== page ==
As a doctor, Ron Paul has first hand experience with the health care system in America.
“It’s easy to forget that for decades the U.S. had a healthcare system that was the envy of the world. We had the finest doctors and hospitals, patients received high-quality, affordable medical care, and thousands of privately funded charities provided health services for the poor.
I worked in an emergency room where nobody was turned away for lack of funds. People had insurance policies for serious problems but paid cash for routine doctor visits.” – Doctor Ron Paul
When government gets involved and distorts a market it causes prices to rise and quality to decrease. In 2006 Paul wrote about why costs are rising and how they can be lowered:
We should remember that HMOs did not arise because of free-market demand, but rather because of government mandates. The HMO Act of 1973 requires all but the smallest employers to offer their employees HMO coverage, and the tax code allows businesses — but not individuals — to deduct the cost of health insurance premiums. The result is the illogical coupling of employment and health insurance, which often leaves the unemployed without needed catastrophic coverage.
While many in Congress are happy to criticize HMOs today, the public never hears how the present system was imposed upon the American people by federal law. As usual, government intervention in the private market failed to deliver the promised benefits and caused unintended consequences, but Congress never blames itself for the problems created by bad laws. Instead, we are told more government — in the form of “universal coverage” — is the answer. But government already is involved in roughly two-thirds of all health care spending, through Medicare, Medicaid, and other programs.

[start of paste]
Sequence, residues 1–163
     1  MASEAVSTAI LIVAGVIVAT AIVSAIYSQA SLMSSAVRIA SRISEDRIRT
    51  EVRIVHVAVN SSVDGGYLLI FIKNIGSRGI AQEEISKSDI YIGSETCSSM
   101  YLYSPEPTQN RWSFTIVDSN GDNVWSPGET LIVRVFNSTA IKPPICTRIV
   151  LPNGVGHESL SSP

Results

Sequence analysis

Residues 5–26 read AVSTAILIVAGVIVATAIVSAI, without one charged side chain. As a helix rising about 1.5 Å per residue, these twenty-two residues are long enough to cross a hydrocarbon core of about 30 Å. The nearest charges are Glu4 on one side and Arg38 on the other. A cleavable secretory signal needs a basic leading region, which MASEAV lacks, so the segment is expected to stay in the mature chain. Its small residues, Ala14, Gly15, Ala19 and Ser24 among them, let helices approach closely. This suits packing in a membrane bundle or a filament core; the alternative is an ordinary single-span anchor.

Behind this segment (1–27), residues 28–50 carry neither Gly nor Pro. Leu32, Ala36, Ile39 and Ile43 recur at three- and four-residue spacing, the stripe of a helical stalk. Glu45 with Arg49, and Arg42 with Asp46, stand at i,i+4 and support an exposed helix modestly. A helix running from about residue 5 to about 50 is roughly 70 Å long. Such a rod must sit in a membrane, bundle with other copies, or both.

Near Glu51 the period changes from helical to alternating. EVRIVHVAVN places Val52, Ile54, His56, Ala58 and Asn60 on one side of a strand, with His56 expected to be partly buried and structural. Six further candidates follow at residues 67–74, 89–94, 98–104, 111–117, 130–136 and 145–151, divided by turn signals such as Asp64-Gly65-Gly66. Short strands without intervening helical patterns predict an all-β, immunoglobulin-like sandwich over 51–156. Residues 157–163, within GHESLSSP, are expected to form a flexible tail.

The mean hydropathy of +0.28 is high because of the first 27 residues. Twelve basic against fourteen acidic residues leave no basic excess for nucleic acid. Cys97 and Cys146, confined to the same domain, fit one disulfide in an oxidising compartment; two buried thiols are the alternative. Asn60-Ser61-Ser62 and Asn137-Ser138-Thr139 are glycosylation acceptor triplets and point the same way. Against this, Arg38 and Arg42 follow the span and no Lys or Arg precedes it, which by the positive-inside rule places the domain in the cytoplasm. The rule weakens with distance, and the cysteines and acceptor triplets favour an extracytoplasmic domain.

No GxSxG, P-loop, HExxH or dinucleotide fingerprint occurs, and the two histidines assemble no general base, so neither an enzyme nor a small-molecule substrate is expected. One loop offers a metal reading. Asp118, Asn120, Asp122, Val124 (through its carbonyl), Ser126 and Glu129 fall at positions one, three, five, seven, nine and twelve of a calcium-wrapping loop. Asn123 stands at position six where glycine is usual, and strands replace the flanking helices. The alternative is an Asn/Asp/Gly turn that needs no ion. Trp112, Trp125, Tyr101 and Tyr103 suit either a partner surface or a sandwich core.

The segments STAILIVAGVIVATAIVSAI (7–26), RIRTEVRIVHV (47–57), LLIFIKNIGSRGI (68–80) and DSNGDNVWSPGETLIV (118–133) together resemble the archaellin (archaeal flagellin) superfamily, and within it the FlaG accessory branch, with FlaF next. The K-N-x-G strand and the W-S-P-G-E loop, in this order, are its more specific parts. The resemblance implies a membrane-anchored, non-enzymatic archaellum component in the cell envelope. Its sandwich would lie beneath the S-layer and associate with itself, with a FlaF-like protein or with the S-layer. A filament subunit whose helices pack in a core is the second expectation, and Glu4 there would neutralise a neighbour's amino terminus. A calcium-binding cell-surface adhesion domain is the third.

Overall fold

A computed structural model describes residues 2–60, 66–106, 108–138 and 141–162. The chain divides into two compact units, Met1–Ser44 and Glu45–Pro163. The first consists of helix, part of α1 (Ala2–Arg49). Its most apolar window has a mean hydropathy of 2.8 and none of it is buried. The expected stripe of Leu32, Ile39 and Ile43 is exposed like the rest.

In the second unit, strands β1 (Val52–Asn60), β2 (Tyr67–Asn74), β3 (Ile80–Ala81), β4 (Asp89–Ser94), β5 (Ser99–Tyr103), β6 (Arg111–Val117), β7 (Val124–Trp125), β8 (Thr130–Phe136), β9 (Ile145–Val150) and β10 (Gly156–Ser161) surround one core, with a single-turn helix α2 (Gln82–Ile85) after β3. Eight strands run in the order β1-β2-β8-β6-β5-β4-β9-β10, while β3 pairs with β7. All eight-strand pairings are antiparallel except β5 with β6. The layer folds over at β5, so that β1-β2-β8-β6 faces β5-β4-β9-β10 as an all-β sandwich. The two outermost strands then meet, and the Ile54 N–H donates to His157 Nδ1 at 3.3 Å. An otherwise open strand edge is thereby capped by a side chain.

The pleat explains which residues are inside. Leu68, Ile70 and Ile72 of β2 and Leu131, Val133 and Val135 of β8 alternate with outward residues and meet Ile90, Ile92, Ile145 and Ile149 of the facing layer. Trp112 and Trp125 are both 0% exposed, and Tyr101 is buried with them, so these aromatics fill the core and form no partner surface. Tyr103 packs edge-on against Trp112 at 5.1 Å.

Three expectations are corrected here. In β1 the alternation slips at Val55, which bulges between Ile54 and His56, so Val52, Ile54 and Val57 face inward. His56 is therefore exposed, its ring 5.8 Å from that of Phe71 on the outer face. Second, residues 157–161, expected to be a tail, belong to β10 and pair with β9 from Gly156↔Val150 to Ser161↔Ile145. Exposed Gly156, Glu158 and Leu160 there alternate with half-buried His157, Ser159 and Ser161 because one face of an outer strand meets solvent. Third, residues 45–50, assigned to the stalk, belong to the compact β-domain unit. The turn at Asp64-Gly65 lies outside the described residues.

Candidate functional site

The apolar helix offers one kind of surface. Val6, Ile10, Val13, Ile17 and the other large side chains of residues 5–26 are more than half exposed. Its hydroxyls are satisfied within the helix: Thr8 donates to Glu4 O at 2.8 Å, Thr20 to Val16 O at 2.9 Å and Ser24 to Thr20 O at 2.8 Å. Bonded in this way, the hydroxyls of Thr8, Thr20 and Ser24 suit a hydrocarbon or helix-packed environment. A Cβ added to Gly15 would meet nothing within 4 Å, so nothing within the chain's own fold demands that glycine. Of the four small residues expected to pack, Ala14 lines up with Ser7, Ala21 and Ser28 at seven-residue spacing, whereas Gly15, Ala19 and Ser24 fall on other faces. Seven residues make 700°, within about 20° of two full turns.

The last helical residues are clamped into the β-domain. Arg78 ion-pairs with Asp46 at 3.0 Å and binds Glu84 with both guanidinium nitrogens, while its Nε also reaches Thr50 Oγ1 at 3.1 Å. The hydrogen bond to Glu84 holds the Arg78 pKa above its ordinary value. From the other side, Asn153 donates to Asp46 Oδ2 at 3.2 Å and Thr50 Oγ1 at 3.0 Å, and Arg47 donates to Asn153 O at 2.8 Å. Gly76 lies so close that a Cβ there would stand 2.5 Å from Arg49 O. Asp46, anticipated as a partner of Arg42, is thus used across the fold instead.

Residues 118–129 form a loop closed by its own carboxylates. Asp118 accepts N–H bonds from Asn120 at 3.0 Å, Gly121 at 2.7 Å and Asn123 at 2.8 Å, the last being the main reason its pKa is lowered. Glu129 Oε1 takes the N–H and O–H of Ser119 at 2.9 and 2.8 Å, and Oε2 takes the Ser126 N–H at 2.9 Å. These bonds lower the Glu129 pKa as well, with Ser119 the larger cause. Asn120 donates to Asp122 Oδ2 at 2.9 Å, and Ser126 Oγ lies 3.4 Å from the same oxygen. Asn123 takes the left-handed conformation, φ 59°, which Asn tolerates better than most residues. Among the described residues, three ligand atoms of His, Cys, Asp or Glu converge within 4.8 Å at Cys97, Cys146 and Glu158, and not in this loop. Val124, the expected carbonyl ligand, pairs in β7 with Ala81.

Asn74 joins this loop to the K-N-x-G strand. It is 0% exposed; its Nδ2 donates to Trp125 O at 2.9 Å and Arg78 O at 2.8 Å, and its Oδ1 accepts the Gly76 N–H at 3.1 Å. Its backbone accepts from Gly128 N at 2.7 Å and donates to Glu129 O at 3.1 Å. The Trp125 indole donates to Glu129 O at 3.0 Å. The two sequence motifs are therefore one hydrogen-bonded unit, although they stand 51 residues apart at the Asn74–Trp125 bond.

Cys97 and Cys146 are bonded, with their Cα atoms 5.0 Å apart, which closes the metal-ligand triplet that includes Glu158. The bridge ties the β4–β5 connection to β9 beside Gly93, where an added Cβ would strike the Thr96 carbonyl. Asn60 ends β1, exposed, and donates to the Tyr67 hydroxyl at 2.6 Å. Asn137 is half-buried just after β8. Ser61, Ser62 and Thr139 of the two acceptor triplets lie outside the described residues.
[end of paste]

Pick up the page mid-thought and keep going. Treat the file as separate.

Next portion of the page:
Unfortunately, the Congress did not listen to Paul’s advice and instead went the opposite direction.
The solution to a problem that was caused by government is not more government. The solution is a return to the systems that were working before the government got involved.
Dr. Paul describes practicing medicine during that time:
Doctors focused on treating patients, without the red tape and threat of lawsuits that plague the profession today. Most Americans paid cash for basic services, and had insurance only for major illnesses and accidents. This meant both doctors and patients had an incentive to keep costs down, as the patient was directly responsible for payment, rather than an HMO or government program.
The lesson is clear: when government and other third parties get involved, health care costs spiral. The answer is not a system of outright socialized medicine, but rather a system that encourages everyone — doctors, hospitals, patients, and drug companies — to keep costs down. As long as “somebody else” is paying the bill, the bill will be too high.
If everyone is forced to buy something, the price will rise. This is as true for health insurance as it would be for any other product. If a business knows you must buy their product they can charge much higher prices than if they had to persuade you and earn your money.
Also, if a third party is paying for a product or service the price will rise. When a patient pays for their routine medical care they have an incentive to shop around and look for the best deal. The doctor also has an incentive to offer the best service at competitive prices if they want to attract business. However, if the patient isn’t the one paying they have little reason to care what the costs are.
How many people would pay for a $35 aspirin while in the hospital if they were responsible for paying the bill ? What would happen if they were – would only the rich be able to afford aspirin or would hospitals be forced to lower costs?